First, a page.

So what do you think it is?
 

INT21

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#15
She'll point you to the text. It's in there. They know what it is.
But aren't sure of the mechanism.
 

EnolaGaia

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#16
So what do you think it is?
Eventually, Carmichael and the OGS researchers started zeroing in on a culprit. The signal appeared to generally sweep from the southeast, where the McAlester Army Ammunition Plant sits. There, explosions are a part of daily life, rattling windows and kicking up plumes of dirt into the air.

Confirmation of this hunch finally arrived on August 16, when Thiel got in contact with Gideon Rogers, a spokesperson from the plant. The plant disposes of old ammunition each morning around 11 a.m., except on Sundays, in explosions separated by 20-second pauses.

A request for additional details about their activities is still pending. But Carmichael suspects that the ammunition is being split into a small groups that are detonated sequentially, to avoid shocking nearby populations with a single large blast. That would send out pulses of energy that can account for the unusual geologic heartbeat across the state.

Some of the confusing ping-pong effect might because the scientists were too zoomed in when looking for patterns, like examining the individual dots in a pointillist painting. Realizing the source was McAlester—which is located farther to the southeast than the vast majority of the detectors—helped them take a step back and see the whole picture.

“It was just seeing data in a different way than we’re used to,” Thiel says.

https://www.nationalgeographic.com/...ves-rattled-entire-state-scientists-know-why/
 

kamalktk

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#18
What was the cause? I have to subscribe to get that far into the article.
 

Sharon Hill

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#21
Ask Mythopeoika, It was his suggestion.

I was just responding to you claiming that pole shifting was End of World propaganda.

You may be a geologist, but you appear to have missed out on a lot of the recent scientific reporting of weakening and shifting patterns in the poles. Not just the usual stuff, but some quite noticeable movements.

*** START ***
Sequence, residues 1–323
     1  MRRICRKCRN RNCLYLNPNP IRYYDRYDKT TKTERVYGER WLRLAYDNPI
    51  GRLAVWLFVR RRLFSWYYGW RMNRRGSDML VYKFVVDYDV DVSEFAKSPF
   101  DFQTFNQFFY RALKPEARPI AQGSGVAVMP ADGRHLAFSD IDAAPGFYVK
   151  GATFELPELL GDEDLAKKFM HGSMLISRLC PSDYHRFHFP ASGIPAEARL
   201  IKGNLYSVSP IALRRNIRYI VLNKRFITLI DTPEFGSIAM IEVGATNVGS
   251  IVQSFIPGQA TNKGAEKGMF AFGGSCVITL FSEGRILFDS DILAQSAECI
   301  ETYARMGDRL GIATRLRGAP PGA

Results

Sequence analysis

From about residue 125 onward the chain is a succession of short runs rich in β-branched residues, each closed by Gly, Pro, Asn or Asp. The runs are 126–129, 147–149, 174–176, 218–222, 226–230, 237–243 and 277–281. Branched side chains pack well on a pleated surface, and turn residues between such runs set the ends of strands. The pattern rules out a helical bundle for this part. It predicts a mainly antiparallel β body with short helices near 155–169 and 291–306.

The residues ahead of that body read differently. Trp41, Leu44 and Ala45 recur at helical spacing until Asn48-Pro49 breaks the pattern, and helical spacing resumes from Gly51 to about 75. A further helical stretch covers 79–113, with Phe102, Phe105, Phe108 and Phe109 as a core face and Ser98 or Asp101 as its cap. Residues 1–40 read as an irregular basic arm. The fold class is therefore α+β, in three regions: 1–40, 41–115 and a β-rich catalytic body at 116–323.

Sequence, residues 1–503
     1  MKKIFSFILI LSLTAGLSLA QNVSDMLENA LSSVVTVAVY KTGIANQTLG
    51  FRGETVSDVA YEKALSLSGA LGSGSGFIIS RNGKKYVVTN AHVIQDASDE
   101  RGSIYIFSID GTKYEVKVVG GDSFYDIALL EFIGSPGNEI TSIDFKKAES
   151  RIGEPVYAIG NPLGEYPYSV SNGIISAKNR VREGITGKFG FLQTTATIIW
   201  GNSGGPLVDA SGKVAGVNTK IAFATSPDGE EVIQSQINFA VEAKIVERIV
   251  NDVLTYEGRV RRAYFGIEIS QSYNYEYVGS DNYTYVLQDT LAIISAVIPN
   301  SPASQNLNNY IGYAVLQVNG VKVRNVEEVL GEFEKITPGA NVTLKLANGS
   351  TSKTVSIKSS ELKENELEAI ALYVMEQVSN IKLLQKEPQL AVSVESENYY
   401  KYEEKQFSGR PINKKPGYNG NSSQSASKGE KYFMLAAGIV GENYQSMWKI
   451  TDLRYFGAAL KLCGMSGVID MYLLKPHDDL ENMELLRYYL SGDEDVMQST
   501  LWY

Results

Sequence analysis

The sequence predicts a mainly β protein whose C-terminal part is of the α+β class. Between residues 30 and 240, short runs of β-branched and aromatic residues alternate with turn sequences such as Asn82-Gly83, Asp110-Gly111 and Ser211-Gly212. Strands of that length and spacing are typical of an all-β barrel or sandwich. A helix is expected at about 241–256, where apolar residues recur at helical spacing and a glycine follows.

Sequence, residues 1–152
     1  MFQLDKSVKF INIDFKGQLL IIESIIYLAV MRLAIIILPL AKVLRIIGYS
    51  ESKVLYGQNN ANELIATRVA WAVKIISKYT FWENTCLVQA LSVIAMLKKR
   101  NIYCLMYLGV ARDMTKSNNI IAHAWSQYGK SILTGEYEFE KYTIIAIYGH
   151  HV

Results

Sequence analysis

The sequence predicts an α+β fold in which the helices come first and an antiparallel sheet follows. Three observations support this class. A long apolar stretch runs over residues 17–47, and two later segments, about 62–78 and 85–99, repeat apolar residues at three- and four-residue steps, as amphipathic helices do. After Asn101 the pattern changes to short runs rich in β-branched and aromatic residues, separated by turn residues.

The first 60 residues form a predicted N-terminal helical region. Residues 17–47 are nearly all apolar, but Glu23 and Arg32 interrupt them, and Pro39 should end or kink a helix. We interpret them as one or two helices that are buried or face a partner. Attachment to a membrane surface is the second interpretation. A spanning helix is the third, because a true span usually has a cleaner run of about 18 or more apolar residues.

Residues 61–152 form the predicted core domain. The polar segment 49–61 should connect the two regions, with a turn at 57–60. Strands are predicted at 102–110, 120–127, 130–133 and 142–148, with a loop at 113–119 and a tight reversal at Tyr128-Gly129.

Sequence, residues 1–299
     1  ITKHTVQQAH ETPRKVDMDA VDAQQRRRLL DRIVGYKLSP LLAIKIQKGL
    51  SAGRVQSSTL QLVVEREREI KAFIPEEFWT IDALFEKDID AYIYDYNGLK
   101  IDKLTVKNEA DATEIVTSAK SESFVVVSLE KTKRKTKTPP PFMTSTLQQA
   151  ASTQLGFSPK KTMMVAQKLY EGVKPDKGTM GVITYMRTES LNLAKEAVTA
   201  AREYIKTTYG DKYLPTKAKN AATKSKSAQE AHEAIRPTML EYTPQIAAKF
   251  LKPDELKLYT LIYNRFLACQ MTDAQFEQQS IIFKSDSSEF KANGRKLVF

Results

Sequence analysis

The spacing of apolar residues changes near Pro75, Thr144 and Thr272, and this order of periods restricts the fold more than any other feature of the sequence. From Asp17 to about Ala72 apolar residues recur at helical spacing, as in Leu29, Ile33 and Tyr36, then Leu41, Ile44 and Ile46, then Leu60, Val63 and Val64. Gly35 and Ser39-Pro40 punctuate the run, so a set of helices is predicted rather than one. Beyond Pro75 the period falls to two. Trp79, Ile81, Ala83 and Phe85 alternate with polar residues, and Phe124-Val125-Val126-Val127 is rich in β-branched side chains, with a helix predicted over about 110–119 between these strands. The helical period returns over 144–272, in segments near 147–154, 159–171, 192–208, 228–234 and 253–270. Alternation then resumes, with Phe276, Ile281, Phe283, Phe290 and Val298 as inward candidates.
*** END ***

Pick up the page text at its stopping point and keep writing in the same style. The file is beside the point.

New Scientist is your friend.

It was mine until I couldn't afford to keep the subscription.

It's all in there.

INT21.
New Scientist is not a scientific journal; it's pop sci and news. Many ideas in there are speculation or unconfirmed. Science reporting is not the same as published research.

Unless you have a geosciences degree or have a better source than that to reference, please do not insinuate that I don't know what I'm talking about. As I said, poles roam - It's not news. I am well aware of the accelerated wandering. I'm not very concerned. But in no way does a waltzing magnetic field correlate to the anomalies described in the linked story.

End Timers and catastrophists like to point to every major earthquake, volcano, sinkhole, or crack, boom, bam as a sign that we're soon to be doomed. They have latched on to the idea of pole flipping to add to their drama and sound sciencey. It is pseudoscience.
 

Swifty

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#22
Yo
New Scientist is not a scientific journal; it's pop sci and news. Many ideas in there are speculation or unconfirmed. Science reporting is not the same as published research.

Unless you have a geosciences degree or have a better source than that to reference, please do not insinuate that I don't know what I'm talking about. As I said, poles roam - It's not news. I am well aware of the accelerated wandering. I'm not very concerned. But in no way does a waltzing magnetic field correlate to the anomalies described in the linked story.

End Timers and catastrophists like to point to every major earthquake, volcano, sinkhole, or crack, boom, bam as a sign that we're soon to be doomed. They have latched on to the idea of pole flipping to add to their drama and sound sciencey. It is pseudoscience.
You'll be saying Santa isn't real and it was just jobers in costumes next.
 

Yithian

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#27
Sorry to arrive late, but I'm sure that we can get along on this interesting thread without accusing one another of ignorance.

If somebody posts something objectionable, please just pass over their post in silence; if they say it more insistently, the moderators will take care of the situation.

We have special jackets and strangely humming devices.
 

INT21

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#29
Cool down, Sharon.

Next you will be insisting that only members with the appropriate Phd can respond to your posts.

Does 'Science' meet your requirement for a suitable source of scientific knowledge ? I gave up my subscription to that at the same time I gave up the New Scientist one. It all became too expensive.

INT21.
 

INT21

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#30